For I've given you several tips;
And although you could listen all day to such stuff -
Be off, or I'll give you the pips!"

At the end of the poem the telephone rang loudly, and the caterpillar was soon engaged in an extremely long and important conversation. Alice looked about her and noticed a curious appearance in the air, which puzzled her very much at first, but after watching it for a minute or two she made it out to be a grin.

"I wonder if that's a satisfied user?" she thought aloud.

"No such animal," said the mouth that had now become part of a smiling Cheshire Cat.

Alice began to explain her visit to the computer department, but as she spoke, she became aware of a large group of people approaching - they looked for all the world like a pack of animated playing cards. "Who are you?" Alice enquired.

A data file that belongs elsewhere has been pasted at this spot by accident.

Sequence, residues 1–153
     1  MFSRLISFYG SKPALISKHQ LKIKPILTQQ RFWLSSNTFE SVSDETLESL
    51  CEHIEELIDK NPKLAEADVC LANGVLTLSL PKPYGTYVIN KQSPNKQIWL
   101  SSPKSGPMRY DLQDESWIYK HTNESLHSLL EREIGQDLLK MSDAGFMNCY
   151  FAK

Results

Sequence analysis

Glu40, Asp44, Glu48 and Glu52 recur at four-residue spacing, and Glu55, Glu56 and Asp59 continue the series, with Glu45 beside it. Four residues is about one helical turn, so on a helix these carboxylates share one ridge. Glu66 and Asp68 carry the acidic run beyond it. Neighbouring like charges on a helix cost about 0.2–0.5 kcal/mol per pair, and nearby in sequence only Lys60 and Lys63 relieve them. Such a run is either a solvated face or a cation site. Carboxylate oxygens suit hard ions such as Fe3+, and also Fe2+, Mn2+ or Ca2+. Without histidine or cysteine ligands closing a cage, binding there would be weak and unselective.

"We're users and we've come to the computer department to see whether we can come up trumps!" said the Queen of Hearts. "And who, pray, are you?"

"I'm Alice, and I was just explaining to the Cheshire Cat..."

"To whom?"

"The Cheshire Cat," said Alice, and pointed upwards. The cat grinned.

"I'm a project leader in the computer department . . ."

"Off with his head!" shouted the Queen.

"I'll fetch the executioner myself," said the King. Alice soon heard the distant roll of a drum, then another, and another until the air was full of the sound and she was quite deafened.

Looking round for the source of the drumming Alice suddenly realised she was back at her computer terminal, and that she had been awakened by the noise of the printer, which was percussively churning out reams and reams of paper.

The author of the above is Laurence Heath who, I presume, retains the copyright. It originally appeared in Computer Weekly magazine in December 1987!